A study conducted in Vietnam and some countries shows that minors are likely to be exposed to toxic challenges online. What should parents do to reduce the risks?
A 2020 challenge asked children to take large amounts of medication, perhaps 10 times the usual dose. (Photo: iStock)
TikTok has released a global report about the behavioral trends of young people when participating in potentially dangerous challenges and hoaxes that can lead to suicide or self-harm. The report was based on a survey of more than 10,000 people from Argentina, Australia, Brazil, Germany, Italy, Indonesia, Mexico, UK, USA and Vietnam. Many experts and research institutes were involved in this project.
The results showed that most of the challenges that teenagers were exposed to were harmless, but serious challenges do exist.
In this study, adolescents were asked to describe the risk levels of recent popular online challenges. Nearly half (48%) of the participants believed that these challenges are safe and fun, and 32% thought they are risky but safe.
The number of children rating online challenges dangerous was 14% and extremely dangerous 3%. 0.3% of teenagers said they took part in a challenge they considered dangerous.
Many hoaxes of suicide and self-harm flood the Internet. They all try to convince players to believe in something scary that isn't real.
In some cases, children were provoked by a fake threatening text message, luring them into increasingly difficult challenges, eventually killing themselves.
To avoid terrible consequences, they must continue to spread the message and invite more friends to join the game. Although this act seems harmless, research shows that 31% of teenagers who have been exposed to dangerous hoaxes have been negatively affected, with 63% feeling mentally harmed.
According to the report, minors used a range of risk assessment methods before taking part in the challenge, including watching videos of others who had tried the challenge, reading comments and talking to friends. About 46% of teens said they wanted detailed information about the level of danger and information about what was over the limit.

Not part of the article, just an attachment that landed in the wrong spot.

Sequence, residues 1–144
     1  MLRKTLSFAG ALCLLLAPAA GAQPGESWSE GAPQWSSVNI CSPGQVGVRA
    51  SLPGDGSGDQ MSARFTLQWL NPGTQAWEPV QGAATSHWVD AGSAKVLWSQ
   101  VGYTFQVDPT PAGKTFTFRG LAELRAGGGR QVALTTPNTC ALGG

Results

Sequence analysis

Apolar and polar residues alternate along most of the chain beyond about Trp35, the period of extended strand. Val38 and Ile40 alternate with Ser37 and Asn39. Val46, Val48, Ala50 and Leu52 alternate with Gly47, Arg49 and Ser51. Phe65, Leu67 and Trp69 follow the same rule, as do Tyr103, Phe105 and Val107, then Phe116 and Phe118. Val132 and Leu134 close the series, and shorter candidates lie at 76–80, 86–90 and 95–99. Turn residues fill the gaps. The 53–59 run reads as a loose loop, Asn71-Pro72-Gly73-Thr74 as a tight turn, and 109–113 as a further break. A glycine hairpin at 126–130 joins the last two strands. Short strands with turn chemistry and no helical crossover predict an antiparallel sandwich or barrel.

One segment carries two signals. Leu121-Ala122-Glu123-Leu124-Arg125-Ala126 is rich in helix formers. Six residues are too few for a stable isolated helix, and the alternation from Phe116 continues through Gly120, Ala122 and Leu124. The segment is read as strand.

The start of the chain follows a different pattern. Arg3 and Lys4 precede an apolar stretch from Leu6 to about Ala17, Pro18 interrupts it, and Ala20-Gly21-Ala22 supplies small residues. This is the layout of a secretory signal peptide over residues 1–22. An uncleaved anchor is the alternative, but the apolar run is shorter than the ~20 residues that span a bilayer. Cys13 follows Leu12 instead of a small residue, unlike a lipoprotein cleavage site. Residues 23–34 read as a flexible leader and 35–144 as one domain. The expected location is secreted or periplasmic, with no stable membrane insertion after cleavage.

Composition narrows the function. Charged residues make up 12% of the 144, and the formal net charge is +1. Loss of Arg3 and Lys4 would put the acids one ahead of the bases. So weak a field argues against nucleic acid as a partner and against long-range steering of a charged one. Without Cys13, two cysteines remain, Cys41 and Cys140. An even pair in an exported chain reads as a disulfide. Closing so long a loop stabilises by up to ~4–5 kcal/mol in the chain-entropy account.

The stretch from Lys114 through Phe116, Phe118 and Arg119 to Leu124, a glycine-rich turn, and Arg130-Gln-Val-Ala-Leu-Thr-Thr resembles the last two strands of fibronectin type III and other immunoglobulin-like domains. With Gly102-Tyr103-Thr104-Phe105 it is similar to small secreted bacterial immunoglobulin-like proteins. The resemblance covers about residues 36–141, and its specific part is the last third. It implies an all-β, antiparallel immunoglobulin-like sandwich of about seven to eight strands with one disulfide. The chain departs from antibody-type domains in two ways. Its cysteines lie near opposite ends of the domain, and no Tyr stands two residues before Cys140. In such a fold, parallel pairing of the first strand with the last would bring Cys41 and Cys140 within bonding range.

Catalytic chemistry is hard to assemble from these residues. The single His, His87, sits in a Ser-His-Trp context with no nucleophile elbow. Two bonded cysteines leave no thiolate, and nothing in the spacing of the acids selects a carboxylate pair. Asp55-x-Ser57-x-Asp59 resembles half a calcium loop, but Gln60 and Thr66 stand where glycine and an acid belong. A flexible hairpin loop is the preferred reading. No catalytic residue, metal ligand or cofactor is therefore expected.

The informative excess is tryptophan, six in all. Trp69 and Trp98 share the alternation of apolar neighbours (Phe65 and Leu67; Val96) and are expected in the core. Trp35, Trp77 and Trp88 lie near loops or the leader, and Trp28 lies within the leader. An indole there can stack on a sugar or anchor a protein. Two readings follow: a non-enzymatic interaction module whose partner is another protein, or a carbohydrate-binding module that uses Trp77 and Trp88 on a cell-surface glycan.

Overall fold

The research recommends that parents empower and guide children in self-reflection and thinking about risks. This is the most ideal solution when dealing with self-harm challenges in particular and online dangers in general.
In an event about the safety of children online organized by Google last month, Tran Thu Ha, journalist and author of several books on children's education, advised Vietnamese parents to equip their children with knowledge about online safety to "prevent" instead of letting the incident happen.
“We have to learn to adapt and live with online activities. Children must be taught how to live confidently, and be healthy and safe in the online environment," explained Ha.
Based on the research, TikTok said it has developed a new resource dedicated to answering community questions about online challenges and hoaxes to help parents take the right approach when discussing this with their children.
Vietnam now has around 15 million under-16 children, who are considered the most vulnerable to harmful effects like bullying, attacks, scamming, and even sexual assaults on the cyber environment.
Children often spend a lot of time learning, playing and exploring on the internet. Besides the undeniable benefits, unseen threats are also part of cyberspace.